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Astronomers lift veil over cosmic mystery of stardust

Artist's impression of dust formation around a supernova explosion. An ESO image

PARIS (BNS): The formation of stardust or cosmic dust in the galaxies has remained a mystery since long. Consisting of silicate and amorphous carbon grains -- minerals also abundantly found on Earth -- stardust gets its origin in the aftermath of a supernova explosion.

While astronomers know that supernovae may be the primary source of stardust, especially in the early Universe, yet it is still unclear how and where these dust grains condense and grow. It is also not known how they avoid destruction in the harsh environment of a star-forming galaxy.

Using ESO's Very Large Telescope (VLT) at the Paranal Observatory in northern Chile, a team of astronomers has been able to follow stardust being made in "real time". The researchers for the first  time show that the cosmic dust factories make their grains in a two-stage process, starting soon after the explosion, and even continuing for years afterwards.

Tracking a Type IIn-class supernova -- one that has formed after the violent explosion of a massive star with at least eight times the mass of the Sun -- in the small galaxy UGC 5189A, the astronomers have found that dust formation starts soon after the explosion and continues for over a long time period.

The usually bright supernova, SN2010jl, was tracked nine times in the months following the explosion, and for a tenth time 2.5 years after the explosion, at both visible and near-infrared wavelengths.

"By combining the data from the nine early sets of observations we were able to make the first direct measurements of how the dust around a supernova absorbs the different colours of light," said lead author Christa Gall from Aarhus University, Denmark. "This allowed us to find out more about the dust than had been possible before."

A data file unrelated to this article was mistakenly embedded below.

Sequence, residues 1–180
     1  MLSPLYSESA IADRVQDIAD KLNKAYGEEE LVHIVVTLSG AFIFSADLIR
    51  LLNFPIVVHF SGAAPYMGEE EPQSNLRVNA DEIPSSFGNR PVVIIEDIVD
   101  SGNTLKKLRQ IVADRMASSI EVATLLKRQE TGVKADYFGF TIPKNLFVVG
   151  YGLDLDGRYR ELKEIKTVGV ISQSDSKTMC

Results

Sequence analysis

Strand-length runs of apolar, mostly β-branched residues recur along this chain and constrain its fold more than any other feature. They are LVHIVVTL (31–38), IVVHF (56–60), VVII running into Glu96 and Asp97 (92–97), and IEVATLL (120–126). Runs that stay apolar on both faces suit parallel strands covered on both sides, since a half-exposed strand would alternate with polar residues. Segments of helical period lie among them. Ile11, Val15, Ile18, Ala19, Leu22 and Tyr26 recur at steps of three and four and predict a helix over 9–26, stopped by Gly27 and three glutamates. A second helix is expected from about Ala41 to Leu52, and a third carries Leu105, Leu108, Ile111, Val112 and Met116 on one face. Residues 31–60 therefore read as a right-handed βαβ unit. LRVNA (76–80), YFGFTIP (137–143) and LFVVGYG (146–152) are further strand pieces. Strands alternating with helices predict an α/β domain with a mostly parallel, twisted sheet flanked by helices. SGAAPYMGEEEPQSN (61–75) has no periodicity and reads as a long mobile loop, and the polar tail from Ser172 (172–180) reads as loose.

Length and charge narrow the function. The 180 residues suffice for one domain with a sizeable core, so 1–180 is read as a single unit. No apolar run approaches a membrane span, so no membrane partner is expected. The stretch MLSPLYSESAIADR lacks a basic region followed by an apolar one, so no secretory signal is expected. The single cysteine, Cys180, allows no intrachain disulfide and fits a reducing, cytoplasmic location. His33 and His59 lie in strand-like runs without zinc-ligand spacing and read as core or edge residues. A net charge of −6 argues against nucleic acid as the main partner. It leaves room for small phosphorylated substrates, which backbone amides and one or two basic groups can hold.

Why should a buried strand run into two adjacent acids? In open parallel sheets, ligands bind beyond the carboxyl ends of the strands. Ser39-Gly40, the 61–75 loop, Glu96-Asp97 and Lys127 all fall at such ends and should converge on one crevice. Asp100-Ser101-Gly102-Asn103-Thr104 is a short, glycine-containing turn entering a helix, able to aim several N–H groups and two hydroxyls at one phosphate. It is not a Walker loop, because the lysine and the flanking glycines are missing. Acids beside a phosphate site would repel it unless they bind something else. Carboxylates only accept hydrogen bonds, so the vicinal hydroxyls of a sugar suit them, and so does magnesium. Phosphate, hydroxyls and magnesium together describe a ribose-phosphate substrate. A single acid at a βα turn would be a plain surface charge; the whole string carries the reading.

The new measurements also revealed how big the dust grains are and what they are made of.

The dust grains larger than one thousandth of a millimetre in diameter formed rapidly in the dense material surrounding the star. Although still tiny by human standards, this is large for a grain of cosmic dust and the surprisingly large size makes them resistant to destructive processes, the researchers found.

"Our detection of large grains soon after the supernova explosion means that there must be a fast and efficient way to create them," said co-author Jens Hjorth from the Niels Bohr Institute of the University of Copenhagen, Denmark, and continued: "We really don't know exactly how this happens."

But the astronomers think they know where the new dust must have formed: in material that the star shed out into space even before it exploded.

As the supernova's shockwave expanded outwards, it created a cool, dense shell of gas -- just the sort of environment where dust grains could seed and grow.

Results from the observations indicate that in a second stage -- after several hundred days -- an accelerated dust formation process occurs involving ejected material from the supernova.

If the dust production in SN2010jl continues to follow the observed trend, by 25 years after the supernova, the total mass of dust will be about half the mass of the Sun.

"Previously astronomers have seen plenty of dust in supernova remnants left over after the explosions. But they also only found evidence for small amounts of dust actually being created in the supernova explosions.

"These remarkable new observations explain how this apparent contradiction can be resolved," said Christa Gall.


Star  Galaxy  ESO  Telescope  Earth  Sun  Supernova  

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